Why Would Anyone Take an Antibiotic for Asthma?

Although I'm not opposed to all uses of antibiotics, I believe patients have been harmed far more often by them than they've been helped. In fact, it's been my experience antibiotics are used inappropriately well over 95 percent of the time. So why would you ever take one to treat your asthma?

That's the gist of my objections about vaccine-maker Sanofi-Aventis' latest antibiotic drug -- telithromycin (brand name Ketek) -- for treating asthma. If you read some reports, however, you may be led to believe telithromycin is helpful, according to a recent study in the New England Journal of Medicine.

Patients taking telithromycin enjoyed twice the improvement in asthma symptoms compared to those taking a placebo, and recovered much sooner too. On the flip side, this study, funded by the very same drugmaker, found the breathing capacity of asthmatic patients didn't improve over the long haul. And, patients suffered more frequent bouts of nausea too.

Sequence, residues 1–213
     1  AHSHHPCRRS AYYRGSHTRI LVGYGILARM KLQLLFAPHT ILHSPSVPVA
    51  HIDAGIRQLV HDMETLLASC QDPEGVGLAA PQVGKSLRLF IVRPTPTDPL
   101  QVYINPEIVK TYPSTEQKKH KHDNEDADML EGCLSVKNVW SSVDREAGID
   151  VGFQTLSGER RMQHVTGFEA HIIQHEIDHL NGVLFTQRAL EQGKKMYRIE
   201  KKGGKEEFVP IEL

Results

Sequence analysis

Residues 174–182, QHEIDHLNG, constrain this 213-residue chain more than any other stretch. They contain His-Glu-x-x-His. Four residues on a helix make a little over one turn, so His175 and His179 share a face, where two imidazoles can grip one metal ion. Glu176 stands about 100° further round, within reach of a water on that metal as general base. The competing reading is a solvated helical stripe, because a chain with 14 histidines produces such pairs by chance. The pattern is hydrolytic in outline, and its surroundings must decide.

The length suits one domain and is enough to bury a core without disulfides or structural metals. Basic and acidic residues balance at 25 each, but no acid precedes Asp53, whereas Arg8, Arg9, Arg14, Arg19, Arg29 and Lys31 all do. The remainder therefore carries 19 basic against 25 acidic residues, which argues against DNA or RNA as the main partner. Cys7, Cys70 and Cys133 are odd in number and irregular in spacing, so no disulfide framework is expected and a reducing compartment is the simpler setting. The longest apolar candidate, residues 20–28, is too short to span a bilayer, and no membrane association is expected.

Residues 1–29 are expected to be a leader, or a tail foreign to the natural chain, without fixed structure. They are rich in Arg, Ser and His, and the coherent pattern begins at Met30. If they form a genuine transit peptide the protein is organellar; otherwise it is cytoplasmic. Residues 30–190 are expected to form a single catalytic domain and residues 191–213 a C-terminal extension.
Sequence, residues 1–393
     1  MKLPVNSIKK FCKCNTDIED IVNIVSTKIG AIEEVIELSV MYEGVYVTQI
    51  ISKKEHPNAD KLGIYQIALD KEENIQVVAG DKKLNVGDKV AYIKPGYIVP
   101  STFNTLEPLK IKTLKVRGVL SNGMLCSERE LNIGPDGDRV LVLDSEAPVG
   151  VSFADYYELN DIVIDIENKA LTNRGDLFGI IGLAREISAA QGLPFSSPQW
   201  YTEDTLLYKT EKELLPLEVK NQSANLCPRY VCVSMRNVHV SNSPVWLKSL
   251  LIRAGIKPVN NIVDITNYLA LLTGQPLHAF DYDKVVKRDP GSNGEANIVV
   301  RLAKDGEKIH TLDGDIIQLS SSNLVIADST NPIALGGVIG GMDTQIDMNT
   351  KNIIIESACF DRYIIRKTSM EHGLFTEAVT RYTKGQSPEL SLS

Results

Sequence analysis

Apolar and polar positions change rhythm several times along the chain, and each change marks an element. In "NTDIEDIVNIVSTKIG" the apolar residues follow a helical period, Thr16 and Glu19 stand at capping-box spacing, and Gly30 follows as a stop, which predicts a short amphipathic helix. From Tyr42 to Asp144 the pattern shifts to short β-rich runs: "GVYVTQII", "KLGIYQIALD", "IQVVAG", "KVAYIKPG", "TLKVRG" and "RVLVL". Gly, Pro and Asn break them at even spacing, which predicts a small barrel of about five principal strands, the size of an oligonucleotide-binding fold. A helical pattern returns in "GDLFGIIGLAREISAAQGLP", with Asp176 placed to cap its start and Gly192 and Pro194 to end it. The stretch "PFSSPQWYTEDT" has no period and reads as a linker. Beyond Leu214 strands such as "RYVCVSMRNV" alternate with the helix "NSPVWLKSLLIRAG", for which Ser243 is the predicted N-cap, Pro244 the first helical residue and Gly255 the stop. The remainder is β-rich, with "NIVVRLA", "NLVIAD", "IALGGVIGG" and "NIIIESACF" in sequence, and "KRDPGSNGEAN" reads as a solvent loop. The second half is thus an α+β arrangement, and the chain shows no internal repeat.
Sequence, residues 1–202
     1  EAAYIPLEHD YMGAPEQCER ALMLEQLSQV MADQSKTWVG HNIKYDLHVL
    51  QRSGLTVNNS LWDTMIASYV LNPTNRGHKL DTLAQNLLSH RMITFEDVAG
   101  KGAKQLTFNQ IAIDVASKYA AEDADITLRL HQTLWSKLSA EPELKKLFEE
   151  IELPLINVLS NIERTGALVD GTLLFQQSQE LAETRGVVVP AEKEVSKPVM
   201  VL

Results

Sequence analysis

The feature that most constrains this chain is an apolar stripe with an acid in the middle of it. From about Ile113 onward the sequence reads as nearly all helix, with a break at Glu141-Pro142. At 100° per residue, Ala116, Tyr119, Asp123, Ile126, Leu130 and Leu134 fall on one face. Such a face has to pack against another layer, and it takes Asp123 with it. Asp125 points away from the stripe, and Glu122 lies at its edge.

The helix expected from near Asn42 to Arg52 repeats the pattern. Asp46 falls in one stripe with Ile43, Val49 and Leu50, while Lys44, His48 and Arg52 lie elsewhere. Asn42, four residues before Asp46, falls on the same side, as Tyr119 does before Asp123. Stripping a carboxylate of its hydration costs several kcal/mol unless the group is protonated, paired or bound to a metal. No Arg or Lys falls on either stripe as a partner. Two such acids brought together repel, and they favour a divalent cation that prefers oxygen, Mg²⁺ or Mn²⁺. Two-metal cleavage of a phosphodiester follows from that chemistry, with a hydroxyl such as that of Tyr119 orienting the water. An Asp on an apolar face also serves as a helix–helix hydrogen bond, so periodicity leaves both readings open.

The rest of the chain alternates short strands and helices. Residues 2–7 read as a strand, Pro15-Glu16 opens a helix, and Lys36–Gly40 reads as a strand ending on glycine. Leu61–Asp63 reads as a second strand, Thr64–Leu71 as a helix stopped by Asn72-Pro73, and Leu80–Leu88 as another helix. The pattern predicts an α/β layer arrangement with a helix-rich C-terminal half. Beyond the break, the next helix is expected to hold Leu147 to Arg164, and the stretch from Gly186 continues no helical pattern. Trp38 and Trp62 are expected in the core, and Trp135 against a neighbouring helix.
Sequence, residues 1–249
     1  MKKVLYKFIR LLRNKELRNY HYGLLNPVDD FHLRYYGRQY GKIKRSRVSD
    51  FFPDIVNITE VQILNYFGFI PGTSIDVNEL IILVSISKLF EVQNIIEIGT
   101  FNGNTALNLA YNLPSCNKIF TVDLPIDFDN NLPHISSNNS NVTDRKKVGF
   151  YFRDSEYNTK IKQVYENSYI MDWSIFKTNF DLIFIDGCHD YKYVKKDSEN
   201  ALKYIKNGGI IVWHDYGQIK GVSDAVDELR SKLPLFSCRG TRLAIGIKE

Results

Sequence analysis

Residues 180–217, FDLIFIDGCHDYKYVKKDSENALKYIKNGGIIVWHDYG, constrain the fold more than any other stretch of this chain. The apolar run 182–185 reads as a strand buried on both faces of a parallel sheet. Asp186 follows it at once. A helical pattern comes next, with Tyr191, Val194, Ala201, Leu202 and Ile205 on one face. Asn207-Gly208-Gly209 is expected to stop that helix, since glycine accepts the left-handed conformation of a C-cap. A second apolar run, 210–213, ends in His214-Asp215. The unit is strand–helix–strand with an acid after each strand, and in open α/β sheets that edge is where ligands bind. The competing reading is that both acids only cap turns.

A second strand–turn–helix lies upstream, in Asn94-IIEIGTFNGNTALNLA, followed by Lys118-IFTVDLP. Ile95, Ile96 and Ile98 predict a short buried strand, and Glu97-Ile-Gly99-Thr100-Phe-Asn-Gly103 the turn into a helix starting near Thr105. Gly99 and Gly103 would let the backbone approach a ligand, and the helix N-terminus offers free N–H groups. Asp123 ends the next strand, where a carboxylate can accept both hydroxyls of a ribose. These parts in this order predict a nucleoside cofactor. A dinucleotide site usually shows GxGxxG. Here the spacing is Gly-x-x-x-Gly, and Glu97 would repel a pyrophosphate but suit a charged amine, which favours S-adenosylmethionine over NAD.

Makes you wonder if Sanofi-Aventis was trying to squeeze one more "effective" use out of the drug, considering it's come under more scrutiny lately after reports of liver poisoning.

Before you even consider an antibiotics for asthma, you'll want to read a study I posted two weeks ago about tripling a baby's future asthma risks because of them. In fact, taking a drug is nothing more than a potentially toxic Band-Aid that never gets to the real heart of the problem.

New England Journal of Medicine, Vol. 354, No. 15, April 13, 2006: 1589-1600

The Age April 16, 2006

Canada.com April 15, 2006

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